Longtime writer and now podcaster Malcolm Gladwell doesn't like golf very much. He chooses a peculiar path to attack the sport in the kickoff to season two of his popular podcast series.
Here is the pod description:
In the middle of Los Angeles — a city with some of the most expensive real estate in the world — there are a half a dozen exclusive golf courses, massive expanses dedicated to the pleasure of a privileged few. How do private country clubs afford the property tax on 300 acres of prime Beverly Hills real estate? RH brings in tax assessors, economists, and philosophers to probe the question of the weird obsession among the wealthy with the game of golf.
Since he picks on my home city and blames the clubs there for tax breaks and what was actually a lack of foresight by city planners to build more parks, I'll let Joel Beall of GolfDigest.com offer the first and most level-headed counterpoint.
Gladwell takes umbrage with California exemptions that allows golf courses to pay a small percentage rather than a variable tax like other properties. To Gladwell, golf courses are getting a free pass from paying their social dues, bemoaning the money that state and city governments are missing out.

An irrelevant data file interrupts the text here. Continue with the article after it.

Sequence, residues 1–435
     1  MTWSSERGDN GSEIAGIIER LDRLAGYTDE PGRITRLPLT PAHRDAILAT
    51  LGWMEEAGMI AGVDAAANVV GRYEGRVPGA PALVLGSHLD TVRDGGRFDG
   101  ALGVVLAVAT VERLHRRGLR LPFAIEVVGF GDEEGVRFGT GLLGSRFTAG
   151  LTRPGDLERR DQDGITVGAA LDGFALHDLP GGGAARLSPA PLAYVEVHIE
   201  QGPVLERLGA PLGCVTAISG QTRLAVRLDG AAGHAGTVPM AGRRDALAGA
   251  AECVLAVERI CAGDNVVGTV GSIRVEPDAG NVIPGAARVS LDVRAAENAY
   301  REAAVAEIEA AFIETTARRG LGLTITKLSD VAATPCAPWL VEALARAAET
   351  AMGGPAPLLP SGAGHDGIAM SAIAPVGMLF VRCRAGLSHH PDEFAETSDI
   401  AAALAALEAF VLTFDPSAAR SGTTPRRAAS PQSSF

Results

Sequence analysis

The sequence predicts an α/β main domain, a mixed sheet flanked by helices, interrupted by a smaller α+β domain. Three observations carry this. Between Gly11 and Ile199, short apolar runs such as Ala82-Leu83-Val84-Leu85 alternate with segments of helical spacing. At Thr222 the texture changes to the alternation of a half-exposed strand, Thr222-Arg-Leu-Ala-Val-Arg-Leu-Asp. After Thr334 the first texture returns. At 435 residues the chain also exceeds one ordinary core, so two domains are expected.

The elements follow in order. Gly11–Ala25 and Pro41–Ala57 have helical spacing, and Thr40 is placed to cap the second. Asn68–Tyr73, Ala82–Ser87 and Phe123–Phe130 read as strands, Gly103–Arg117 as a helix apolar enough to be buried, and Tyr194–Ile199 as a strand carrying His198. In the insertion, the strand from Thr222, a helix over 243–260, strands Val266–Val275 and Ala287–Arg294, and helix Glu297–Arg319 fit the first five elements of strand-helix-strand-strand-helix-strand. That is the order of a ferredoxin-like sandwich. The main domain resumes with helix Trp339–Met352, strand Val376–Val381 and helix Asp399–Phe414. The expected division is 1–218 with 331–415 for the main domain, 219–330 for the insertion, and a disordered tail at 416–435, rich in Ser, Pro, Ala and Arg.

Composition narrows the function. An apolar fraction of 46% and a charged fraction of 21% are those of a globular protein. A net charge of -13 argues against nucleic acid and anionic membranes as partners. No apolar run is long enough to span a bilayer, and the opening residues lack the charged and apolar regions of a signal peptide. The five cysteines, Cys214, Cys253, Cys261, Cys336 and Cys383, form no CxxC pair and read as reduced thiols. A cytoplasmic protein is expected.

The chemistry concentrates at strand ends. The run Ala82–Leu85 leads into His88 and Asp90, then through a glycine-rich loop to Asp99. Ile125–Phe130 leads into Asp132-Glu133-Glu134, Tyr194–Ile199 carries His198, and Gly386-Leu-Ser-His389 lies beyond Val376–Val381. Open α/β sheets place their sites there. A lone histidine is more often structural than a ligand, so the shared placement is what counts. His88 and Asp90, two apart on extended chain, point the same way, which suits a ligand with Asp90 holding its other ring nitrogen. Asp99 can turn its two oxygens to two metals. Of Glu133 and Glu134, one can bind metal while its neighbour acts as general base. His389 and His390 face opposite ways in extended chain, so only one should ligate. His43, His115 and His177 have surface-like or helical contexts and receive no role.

Similar to his objection on golf-infatuated CEOs, Gladwell's outrage is fixated on the wrong entity. For the game is far from alone in receiving peculiar government regulations. Baseball's antitrust exemption is one of the most criticized doctrines in our nation's legal structure, and the stadium deals brokered between professional sports teams and their local governments continue to be a taxpayer burden. This is not to defend these policies, but let's just say golf has plenty of company when it comes to flaws with the tax code.
As always with Gladwell's work, I found his presentation and points thought-provoking. His podcast presentation style is fresh, and his roundabout methodology to backing a point is consistent with his popular books. But I struggle with his zeroing in on long-established private clubs as stealing from the public something their visionary founders created and fostered.
To suggest the public is subsidizing such facilities, while bemoaning their chain-linked fences and refusal to let the public stroll the grounds St Andrews style, ignores the history of Los Angeles, where leaders whiffed on multiple opportunities to create a better park system. (Here is the Olmsted Brothers 1930 assessment of Los Angeles that was ultimately ignored and would have created the kinds of places for non-golfers to recreate.)
The pod also suggests an underlying frustration with golf played by CEO's and President Trump ("crack cocaine for white guys"). While promoting the pod on the CBS Morning Show, Gladwell received one particularly fun bit of pushback from Charlie Rose, a golfer. The interview is worth watching.